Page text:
Reply-To: "Kevin Aylward"
From: "Kevin Aylward"
Subject: Re: How to interpret AC Analysis?
X-Newsreader: Microsoft Outlook Express 6.00.2800.1106
Date: Sun, 22 Sep 2002 14:51:04 +0100
NNTP-Posting-Date: Sun, 22 Sep 2002 14:51:13 BST
"Terry Pinnell" wrote in message
> CircuitMaker, like most other Spice programs I've seen, includes an AC
> Analysis (or 'Bode Plot') in its repertoire. But, until Win Hill and
> John Woodgate set me straight in a recent thread, I'd assumed it was
> something of a no-brainer to use. I'd thought that, for any circuit, I
> could simply select an AC Analysis on the output, set the x and y
> scales respectively to 'Log' and 'Magnitude in Decibels', and I would
> be able to read off the circuit's '-3dB point' (or points) with
> However, as John puts it, I now see that "You must refer the output
> levels to the output voltage, not the input voltage."
I have not seen this post, and don't know to what he is refereeing.
> So, how exactly do you go about doing that in practice please? After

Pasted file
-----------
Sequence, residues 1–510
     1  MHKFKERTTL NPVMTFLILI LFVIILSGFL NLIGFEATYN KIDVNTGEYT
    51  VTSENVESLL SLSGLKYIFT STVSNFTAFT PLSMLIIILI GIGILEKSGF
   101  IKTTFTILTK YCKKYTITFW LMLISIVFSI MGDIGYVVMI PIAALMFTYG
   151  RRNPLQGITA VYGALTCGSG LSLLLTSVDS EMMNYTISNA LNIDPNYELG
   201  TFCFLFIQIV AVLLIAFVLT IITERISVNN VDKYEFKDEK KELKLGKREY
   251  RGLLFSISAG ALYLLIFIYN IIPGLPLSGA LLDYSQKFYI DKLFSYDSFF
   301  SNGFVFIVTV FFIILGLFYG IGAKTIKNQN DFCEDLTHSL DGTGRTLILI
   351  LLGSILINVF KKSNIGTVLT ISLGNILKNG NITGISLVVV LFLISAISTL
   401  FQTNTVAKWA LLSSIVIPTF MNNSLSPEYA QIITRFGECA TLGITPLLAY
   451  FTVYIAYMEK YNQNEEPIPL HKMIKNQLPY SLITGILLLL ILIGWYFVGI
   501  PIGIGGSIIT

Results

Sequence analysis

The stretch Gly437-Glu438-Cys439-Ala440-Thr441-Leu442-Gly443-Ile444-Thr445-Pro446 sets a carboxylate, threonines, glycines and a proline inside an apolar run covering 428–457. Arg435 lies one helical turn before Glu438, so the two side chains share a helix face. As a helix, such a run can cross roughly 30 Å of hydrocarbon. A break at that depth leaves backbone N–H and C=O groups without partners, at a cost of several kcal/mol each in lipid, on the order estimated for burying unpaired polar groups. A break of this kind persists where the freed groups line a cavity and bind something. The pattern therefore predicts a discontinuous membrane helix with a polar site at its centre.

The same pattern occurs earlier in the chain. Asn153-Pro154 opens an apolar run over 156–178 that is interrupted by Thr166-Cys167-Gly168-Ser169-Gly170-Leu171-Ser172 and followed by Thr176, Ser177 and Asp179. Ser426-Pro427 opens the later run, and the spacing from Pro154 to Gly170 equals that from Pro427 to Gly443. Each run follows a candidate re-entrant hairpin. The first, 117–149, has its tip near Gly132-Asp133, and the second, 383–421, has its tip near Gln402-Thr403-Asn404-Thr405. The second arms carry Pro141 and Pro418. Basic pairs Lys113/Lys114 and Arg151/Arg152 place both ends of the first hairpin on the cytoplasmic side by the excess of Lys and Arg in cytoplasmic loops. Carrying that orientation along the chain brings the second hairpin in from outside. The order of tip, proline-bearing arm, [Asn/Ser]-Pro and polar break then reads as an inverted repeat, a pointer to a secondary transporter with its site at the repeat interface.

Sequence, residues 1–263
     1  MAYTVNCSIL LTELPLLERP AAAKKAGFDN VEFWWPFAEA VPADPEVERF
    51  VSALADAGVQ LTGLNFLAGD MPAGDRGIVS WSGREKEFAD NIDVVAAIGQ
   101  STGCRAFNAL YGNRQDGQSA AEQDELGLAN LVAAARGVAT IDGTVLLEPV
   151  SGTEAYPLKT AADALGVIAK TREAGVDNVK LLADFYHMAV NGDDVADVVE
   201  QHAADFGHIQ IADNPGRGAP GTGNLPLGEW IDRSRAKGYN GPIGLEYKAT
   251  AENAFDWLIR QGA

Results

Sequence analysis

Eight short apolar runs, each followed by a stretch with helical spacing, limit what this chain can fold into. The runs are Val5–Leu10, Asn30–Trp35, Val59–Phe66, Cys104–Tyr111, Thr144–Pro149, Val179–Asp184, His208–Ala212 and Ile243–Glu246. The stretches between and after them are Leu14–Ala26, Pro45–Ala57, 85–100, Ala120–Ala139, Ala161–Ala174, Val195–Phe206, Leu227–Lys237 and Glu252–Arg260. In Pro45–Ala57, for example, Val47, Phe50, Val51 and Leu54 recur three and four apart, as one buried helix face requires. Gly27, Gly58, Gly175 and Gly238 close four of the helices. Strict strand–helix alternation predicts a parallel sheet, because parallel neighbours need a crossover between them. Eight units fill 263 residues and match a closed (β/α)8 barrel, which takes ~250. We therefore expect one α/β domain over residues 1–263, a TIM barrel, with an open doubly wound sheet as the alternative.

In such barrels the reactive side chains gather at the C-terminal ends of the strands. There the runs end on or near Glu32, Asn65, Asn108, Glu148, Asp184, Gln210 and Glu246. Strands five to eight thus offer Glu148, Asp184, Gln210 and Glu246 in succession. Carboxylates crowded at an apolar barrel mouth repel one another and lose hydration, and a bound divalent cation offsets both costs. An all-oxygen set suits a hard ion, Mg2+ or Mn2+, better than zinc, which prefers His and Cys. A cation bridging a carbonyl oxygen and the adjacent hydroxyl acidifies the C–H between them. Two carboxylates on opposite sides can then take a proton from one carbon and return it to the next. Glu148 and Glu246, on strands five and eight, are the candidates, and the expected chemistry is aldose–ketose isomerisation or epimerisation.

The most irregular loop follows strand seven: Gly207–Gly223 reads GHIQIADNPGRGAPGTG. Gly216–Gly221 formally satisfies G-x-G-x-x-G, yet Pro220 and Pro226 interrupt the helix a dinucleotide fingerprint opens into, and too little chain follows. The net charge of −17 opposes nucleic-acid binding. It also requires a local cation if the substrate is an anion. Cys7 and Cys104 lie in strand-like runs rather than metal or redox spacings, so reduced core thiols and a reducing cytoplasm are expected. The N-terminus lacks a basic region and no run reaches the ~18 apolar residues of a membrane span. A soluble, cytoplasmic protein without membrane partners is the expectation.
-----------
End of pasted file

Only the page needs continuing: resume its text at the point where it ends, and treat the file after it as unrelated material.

> pretty extensive reading, I've still seen no documentation that covers
Set your AC input voltage to 1V. The plot at any node is the gain
referred to that input voltage.
> Is it perhaps a matter of first using Transient Analysis to determine
> the circuit's output at the 'base frequency' (say 1 Hz in a low pass
> filter), and then applying this in a calculation after the AC
> Analysis? Or is there some reasonably straightforward procedure that
> professionals follow, albeit not quite as simple as I thought?
I think they're leading you up the garden path. It is as you stated at
the bigging. Its a no-brainer, although a decent spice automatically set
the correct defaults scales modes for dc, ac, trans and noise graphs:-)
SuperSpice, a very affordable Mixed-Mode
Windows Simulator with Schematic Capture,
Waveform Display, FFT's and Filter Design.